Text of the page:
Funding Source:
Government: State of Louisiana grant
University/Hospital: Louisiana State University School of Medicine, Alfred I. duPont Hospital for Children, University of New Orleans
Reviewer Comments:


  • no controls
Quality Criteria Checklist: Primary Research
Relevance Questions
  1. Would implementing the studied intervention or procedure (if found successful) result in improved outcomes for the patients/clients/population group? (Not Applicable for some epidemiological studies) Yes
  2. Did the authors study an outcome (dependent variable) or topic that the patients/clients/population group would care about? Yes
  3. Is the focus of the intervention or procedure (independent variable) or topic of study a common issue of concern to dieteticspractice? Yes
  4. Is the intervention or procedure feasible? (NA for some epidemiological studies) Yes
Validity Questions
1. Was the research question clearly stated? Yes
  1.1. Was (were) the specific intervention(s) or procedure(s) [independent variable(s)] identified? N/A
  1.2. Was (were) the outcome(s) [dependent variable(s)] clearly indicated? N/A
  1.3. Were the target population and setting specified? N/A
2. Was the selection of study subjects/patients free from bias? Yes
  2.1. Were inclusion/exclusion criteria specified (e.g., risk, point in disease progression, diagnostic or prognosis criteria), and with sufficient detail and without omitting criteria critical to the study? N/A
  2.2. Were criteria applied equally to all study groups? N/A
  2.3. Were health, demographics, and other characteristics of subjects described? N/A
  2.4. Were the subjects/patients a representative sample of the relevant population? N/A
3. Were study groups comparable? No
  3.1. Was the method of assigning subjects/patients to groups described and unbiased? (Method of randomization identified if RCT) N/A
  3.2. Were distribution of disease status, prognostic factors, and other factors (e.g., demographics) similar across study groups at baseline? N/A
  3.3. Were concurrent controls or comparisons used? (Concurrent preferred over historical control or comparison groups.) No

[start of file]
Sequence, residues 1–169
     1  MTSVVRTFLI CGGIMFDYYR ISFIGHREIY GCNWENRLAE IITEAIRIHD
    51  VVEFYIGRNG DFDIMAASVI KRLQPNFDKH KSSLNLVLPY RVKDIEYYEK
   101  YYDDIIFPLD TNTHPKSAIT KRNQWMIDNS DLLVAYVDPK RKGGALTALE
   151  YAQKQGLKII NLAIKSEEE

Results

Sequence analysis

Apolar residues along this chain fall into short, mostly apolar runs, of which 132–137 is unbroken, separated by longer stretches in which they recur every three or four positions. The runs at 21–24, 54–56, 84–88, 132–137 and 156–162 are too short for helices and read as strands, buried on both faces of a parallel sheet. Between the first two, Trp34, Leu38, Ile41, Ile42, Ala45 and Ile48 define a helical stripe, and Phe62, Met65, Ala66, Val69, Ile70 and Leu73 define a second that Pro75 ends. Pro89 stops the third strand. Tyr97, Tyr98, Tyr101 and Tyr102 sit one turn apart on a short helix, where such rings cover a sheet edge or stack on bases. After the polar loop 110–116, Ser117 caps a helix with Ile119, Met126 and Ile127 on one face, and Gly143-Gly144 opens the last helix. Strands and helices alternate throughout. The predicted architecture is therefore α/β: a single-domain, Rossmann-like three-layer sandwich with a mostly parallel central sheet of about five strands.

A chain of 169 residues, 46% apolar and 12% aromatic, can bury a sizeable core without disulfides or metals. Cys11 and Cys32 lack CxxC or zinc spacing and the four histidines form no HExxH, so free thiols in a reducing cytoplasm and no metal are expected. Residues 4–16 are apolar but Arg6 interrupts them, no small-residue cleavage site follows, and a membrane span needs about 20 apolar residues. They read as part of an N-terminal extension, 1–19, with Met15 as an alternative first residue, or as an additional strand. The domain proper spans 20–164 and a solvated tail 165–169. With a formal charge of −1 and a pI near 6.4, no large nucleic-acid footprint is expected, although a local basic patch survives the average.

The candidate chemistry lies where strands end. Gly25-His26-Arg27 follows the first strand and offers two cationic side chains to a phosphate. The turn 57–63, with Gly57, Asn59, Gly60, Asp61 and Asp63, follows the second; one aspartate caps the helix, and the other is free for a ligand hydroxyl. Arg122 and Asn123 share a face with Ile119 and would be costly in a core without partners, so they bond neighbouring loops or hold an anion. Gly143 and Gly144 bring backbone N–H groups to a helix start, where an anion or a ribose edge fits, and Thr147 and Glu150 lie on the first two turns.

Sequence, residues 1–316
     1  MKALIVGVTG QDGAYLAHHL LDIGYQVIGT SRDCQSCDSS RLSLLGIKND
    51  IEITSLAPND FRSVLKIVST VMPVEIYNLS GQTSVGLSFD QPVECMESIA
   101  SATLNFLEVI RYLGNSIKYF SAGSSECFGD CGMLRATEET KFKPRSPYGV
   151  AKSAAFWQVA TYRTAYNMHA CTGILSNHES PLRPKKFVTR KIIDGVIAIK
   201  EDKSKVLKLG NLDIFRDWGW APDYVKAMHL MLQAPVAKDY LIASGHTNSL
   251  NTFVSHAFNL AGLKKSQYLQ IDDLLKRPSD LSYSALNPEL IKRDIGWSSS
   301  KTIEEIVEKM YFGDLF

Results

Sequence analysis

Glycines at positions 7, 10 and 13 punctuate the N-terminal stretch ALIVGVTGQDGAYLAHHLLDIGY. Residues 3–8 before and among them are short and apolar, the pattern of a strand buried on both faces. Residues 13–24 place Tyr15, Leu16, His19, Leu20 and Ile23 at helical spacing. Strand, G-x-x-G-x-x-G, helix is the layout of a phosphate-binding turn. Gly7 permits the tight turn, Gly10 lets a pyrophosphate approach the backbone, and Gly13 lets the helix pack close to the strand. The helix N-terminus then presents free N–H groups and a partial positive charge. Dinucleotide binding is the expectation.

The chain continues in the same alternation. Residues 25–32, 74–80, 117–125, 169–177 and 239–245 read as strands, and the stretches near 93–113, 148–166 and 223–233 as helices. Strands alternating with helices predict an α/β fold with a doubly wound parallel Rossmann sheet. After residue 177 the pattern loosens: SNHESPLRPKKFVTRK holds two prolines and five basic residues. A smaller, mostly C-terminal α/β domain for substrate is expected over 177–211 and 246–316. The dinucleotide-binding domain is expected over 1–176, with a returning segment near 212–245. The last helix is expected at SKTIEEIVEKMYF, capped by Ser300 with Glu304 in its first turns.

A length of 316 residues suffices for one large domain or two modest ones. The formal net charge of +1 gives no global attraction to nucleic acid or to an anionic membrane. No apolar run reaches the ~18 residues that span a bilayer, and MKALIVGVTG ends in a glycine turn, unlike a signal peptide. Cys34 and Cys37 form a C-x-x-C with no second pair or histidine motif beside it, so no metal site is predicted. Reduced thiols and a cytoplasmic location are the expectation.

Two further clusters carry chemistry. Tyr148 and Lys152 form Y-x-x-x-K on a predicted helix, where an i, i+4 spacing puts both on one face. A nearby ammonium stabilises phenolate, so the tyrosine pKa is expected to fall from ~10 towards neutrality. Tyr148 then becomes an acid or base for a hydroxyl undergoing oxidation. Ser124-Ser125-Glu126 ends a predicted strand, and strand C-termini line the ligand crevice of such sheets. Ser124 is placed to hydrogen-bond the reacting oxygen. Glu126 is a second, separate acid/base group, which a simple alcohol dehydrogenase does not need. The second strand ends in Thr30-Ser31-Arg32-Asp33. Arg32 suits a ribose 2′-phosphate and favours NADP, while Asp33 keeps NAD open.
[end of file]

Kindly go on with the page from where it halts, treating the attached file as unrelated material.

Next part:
3.4. If cohort study or cross-sectional study, were groups comparable on important confounding factors and/or were preexisting differences accounted for by using appropriate adjustments in statistical analysis? N/A
  3.5. If case control study, were potential confounding factors comparable for cases and controls? (If case series or trial with subjects serving as own control, this criterion is not applicable.) N/A
  3.6. If diagnostic test, was there an independent blind comparison with an appropriate reference standard (e.g., "gold standard")? N/A
4. Was method of handling withdrawals described? Yes
  4.1. Were follow-up methods described and the same for all groups? N/A
  4.2. Was the number, characteristics of withdrawals (i.e., dropouts, lost to follow up, attrition rate) and/or response rate (cross-sectional studies) described for each group? (Follow up goal for a strong study is 80%.) N/A
  4.3. Were all enrolled subjects/patients (in the original sample) accounted for? N/A
  4.4. Were reasons for withdrawals similar across groups? N/A
  4.5. If diagnostic test, was decision to perform reference test not dependent on results of test under study? N/A
5. Was blinding used to prevent introduction of bias? No
  5.1. In intervention study, were subjects, clinicians/practitioners, and investigators blinded to treatment group, as appropriate? N/A